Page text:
Thyroid and parathyroid glands are two developmentally and functional separate glands located in the front and centre of the neck.
Thyroid is a butterfly shaped or a shield shaped gland located in the front of your neck, below the Adam’s apple. Its function is to secrete hormones (Thyroxine) that play an integral part in functioning if all systems of your body. Thyroid disorders result from under production or over production of these hormones. Nearly any system of your body can be affected by a thyroid disorder. Symptoms include hair loss, weight gain, constipation, lethargy, dry skin etc.
Parathyroids are four or more smaller than peanut size glands that are located in close approximately to the thyroid gland. They are functionally very different from the thyroid gland and secrete Parathormone. Their role lies in maintaining calcium levels in your blood. Parathyroid gland disorders usually affect your bones and kidneys.
Diagnosing Thyroid and Parathyroid Disorders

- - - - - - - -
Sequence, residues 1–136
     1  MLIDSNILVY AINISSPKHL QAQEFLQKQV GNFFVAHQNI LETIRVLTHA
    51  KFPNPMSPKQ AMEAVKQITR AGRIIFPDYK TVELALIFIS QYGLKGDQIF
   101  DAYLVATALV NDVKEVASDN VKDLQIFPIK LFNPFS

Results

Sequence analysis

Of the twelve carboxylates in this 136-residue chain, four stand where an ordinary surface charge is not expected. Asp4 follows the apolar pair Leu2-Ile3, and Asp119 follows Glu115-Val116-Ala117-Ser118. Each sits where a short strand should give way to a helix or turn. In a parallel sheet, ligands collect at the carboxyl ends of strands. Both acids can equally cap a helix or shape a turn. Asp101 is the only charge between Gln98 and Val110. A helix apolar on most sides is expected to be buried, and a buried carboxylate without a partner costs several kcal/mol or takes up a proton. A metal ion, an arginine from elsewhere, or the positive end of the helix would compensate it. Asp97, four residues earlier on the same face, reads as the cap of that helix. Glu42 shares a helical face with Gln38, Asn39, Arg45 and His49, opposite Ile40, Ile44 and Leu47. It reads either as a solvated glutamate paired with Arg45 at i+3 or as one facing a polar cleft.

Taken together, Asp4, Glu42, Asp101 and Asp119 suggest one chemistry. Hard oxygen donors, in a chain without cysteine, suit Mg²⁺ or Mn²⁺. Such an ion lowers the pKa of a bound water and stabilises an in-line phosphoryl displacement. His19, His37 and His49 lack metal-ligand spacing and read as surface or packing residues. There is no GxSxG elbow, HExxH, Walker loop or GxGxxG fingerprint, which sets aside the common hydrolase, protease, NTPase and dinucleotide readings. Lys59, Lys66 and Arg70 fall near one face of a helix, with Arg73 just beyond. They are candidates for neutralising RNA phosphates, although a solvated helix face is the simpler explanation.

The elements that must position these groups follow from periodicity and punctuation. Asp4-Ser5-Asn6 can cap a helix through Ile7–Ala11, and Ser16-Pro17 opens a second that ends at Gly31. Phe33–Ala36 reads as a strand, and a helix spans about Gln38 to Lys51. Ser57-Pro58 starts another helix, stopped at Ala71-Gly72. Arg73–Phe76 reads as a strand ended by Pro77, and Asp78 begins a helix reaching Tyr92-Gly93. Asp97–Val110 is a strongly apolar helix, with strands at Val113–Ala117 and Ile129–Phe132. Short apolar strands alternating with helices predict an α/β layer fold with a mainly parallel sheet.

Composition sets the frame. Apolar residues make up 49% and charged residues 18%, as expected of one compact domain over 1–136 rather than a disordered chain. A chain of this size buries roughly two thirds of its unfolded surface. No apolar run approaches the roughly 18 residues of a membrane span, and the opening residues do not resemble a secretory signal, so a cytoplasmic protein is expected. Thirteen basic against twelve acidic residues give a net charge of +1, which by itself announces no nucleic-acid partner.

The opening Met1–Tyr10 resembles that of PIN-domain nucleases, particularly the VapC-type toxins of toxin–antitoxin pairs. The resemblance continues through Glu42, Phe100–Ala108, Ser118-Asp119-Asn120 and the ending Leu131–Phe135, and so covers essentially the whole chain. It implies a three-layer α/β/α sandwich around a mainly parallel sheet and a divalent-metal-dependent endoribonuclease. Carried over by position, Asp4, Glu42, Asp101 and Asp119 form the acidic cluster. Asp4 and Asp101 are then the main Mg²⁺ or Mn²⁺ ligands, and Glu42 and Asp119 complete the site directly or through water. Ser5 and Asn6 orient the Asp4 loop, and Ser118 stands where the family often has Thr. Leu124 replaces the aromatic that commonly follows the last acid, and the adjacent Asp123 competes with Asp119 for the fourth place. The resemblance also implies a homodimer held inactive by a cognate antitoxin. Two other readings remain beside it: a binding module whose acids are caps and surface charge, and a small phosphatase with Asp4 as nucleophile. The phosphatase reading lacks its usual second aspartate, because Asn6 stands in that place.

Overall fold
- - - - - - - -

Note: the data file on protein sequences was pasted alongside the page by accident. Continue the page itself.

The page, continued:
All clinical diagnosis start with a comprehensive history followed by a physical examination. To diagnose thyroid and parathyroid disorders, blood tests are of immense value, followed by imaging. Type of imaging depends on the disorder being suspected. These include Ultrasounds, CT Scans, MRI and Nuclear medicine scans.
Thyroid and Parathyroid disorders treated at ENT360
- Thyroid nodules – These are lumps in the thyroid gland that may or may not have been felt by the patient and were diagnosed during a routine check up. Almost 95% of these are non-cancerous and no treatment is needed other than follow up.
- Hyperthyroidism – due to overactive thyroid gland
- Hypothyroidism – due to under functioning thyroid gland
- Hypoparathyroidism – due to insufficient levels of parathormone in blood that causes low calcium levels.
- Hyperparathyroidism -excess Parathormone levels with high calcium levels in blood.
- Primary – due to benign or cancerous tumours of parathyroid gland
- Secondary – Due to Vit D3 deficiency or renal failure, requires physician/nephrologist intervention
- Tertiary – seen after kidney transplants – usually treated by nephrologist or transplant surgeon.
Treatment of thyroid and parathyroid disorders can involve medications that are usually taken for long term and surgery if needed.